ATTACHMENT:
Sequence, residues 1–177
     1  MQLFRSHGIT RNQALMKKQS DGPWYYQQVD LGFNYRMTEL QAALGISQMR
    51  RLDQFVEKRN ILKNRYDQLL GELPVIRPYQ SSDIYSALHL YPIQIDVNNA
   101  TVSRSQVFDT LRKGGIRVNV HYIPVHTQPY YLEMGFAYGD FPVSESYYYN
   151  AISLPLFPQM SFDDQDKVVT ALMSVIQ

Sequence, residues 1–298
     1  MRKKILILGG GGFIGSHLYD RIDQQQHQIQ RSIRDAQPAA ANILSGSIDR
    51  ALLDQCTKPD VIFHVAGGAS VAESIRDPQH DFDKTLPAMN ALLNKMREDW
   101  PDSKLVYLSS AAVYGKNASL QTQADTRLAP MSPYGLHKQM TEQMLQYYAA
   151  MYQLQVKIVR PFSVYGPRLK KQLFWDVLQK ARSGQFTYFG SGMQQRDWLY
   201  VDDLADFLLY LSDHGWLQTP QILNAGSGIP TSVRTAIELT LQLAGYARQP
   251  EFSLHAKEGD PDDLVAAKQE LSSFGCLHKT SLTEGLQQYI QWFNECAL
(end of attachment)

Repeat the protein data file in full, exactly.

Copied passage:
Sequence, residues 1–177
     1  MQLFRSHGIT RNQALMKKQS DGPWYYQQVD LGFNYRMTEL QAALGISQMR
    51  RLDQFVEKRN ILKNRYDQLL GELPVIRPYQ SSDIYSALHL YPIQIDVNNA
   101  TVSRSQVFDT LRKGGIRVNV HYIPVHTQPY YLEMGFAYGD FPVSESYYYN
   151  AISLPLFPQM SFDDQDKVVT ALMSVIQ

Sequence, residues 1–298
     1  MRKKILILGG GGFIGSHLYD RIDQQQHQIQ RSIRDAQPAA ANILSGSIDR
    51  ALLDQCTKPD VIFHVAGGAS VAESIRDPQH DFDKTLPAMN ALLNKMREDW
   101  PDSKLVYLSS AAVYGKNASL QTQADTRLAP MSPYGLHKQM TEQMLQYYAA
   151  MYQLQVKIVR PFSVYGPRLK KQLFWDVLQK ARSGQFTYFG SGMQQRDWLY
   201  VDDLADFLLY LSDHGWLQTP QILNAGSGIP TSVRTAIELT LQLAGYARQP
   251  EFSLHAKEGD PDDLVAAKQE LSSFGCLHKT SLTEGLQQYI QWFNECAL